A COMMUNITY group described as being part of the ‘DNA of Leamington’ have spoken of their disappointment after council chiefs opted to not allow them to move back into their spiritual home.
Bath Place was gutted by fire in 2009 and the Victorian school building has laid all but empty since.
It was put on the market by owners Warwickshire County Council back in August and among those in the running to secure the site were former occupants, Bath Place Community Venture (BPCV).
But at a meeting on Thursday May 8, county council chiefs agreed to support another scheme – meaning the group will not be able to return to their former home.
Group spokesman Clayton Denwood told The Observer: “We are, of course, hugely disappointed that Cabinet has decided against our proposal given we have spent more than 18 months and a considerable amount of charitable funds towards the goal of redeveloping Bath Place.
“We obviously feel our plan provides the best option for local people given the wide support from the local community, our partner organisations, Leamington Town Council and the Leamington Building Conservation Trust.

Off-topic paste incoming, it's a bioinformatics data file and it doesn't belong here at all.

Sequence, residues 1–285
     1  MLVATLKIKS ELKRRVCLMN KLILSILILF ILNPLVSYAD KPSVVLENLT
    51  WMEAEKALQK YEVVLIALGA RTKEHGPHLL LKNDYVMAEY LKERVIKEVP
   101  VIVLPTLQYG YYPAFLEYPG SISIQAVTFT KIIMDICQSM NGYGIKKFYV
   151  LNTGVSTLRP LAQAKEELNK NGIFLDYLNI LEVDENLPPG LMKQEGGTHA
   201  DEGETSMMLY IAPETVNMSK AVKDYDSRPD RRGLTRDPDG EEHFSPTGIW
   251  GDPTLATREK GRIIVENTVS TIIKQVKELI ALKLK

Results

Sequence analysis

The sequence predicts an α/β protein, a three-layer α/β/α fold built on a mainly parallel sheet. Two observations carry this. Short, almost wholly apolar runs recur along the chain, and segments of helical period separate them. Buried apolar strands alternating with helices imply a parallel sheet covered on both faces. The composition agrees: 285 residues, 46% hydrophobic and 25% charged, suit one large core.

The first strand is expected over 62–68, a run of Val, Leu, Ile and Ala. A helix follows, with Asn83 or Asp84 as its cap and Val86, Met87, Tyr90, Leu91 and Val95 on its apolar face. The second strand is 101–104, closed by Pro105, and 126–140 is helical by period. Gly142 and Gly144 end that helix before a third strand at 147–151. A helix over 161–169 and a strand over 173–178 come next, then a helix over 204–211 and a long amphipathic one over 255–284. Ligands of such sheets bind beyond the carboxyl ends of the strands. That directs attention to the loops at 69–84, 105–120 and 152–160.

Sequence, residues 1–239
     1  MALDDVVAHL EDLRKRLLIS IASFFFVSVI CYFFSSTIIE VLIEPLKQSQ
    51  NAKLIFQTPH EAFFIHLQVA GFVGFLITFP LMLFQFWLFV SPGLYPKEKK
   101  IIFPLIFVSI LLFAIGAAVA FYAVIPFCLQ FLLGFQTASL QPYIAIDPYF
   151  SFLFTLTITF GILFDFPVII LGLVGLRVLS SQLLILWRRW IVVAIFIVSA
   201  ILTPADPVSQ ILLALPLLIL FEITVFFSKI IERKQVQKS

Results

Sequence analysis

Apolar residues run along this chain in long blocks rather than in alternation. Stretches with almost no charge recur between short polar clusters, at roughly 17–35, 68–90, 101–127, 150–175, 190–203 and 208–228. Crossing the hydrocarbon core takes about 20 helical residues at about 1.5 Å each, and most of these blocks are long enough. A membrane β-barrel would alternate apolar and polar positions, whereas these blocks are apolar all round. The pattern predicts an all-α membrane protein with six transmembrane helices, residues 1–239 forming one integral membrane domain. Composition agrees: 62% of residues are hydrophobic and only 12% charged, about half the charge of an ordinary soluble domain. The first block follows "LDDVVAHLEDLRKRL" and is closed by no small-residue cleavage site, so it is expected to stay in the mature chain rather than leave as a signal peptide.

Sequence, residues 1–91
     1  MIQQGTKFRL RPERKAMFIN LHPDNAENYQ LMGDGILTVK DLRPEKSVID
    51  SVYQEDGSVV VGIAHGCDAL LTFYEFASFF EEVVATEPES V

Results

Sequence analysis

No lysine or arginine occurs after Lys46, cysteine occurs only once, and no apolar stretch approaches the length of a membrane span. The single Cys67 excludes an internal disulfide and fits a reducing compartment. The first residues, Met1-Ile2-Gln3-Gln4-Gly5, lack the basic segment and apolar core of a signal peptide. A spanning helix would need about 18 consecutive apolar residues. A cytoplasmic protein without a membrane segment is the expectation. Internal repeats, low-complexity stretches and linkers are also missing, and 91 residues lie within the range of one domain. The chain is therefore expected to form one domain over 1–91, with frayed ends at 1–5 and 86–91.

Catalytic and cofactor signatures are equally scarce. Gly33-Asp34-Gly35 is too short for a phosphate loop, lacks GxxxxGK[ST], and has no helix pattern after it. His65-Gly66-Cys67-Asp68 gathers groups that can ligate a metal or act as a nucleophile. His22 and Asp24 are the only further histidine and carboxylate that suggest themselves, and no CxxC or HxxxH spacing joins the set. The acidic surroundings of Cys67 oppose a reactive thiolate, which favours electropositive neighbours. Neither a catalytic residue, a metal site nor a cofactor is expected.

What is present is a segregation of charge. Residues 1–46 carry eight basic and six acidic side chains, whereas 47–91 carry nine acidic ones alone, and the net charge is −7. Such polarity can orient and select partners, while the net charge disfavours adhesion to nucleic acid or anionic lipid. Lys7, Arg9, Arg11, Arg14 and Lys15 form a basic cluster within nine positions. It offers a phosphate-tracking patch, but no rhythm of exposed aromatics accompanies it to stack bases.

“We’d like to thank everyone who has supported us over these difficult months and especially our local county councillors Bill Gifford, Matt Western, Jon Chilvers and Jenny St. John who have given much of their time to help argue our case as well as Chris White MP, who has also assisted us and offered so much support and guidance on social value.”
It is understood the group plan to call-in the decision to the council’s overview and scrutiny committee, which could potentially see the original decision overturned.
Mr Denwood added: “We understand the pressures on county council finances at the moment but we still believe we can be a part of the long-term solution to making sure that South Leamington has adequate services and community support.”
BPCV was a hub of activity providing a café offering value meals, volunteering opportunities, a nursery and mental health services for three decades prior to the devastating blaze that made them homeless.
And although a decision on how an £876,000 insurance payout will be allocated was originally postponed, the Cabinet decided the money would be used to help reduce the council’s debt as part of the budget agreed in December.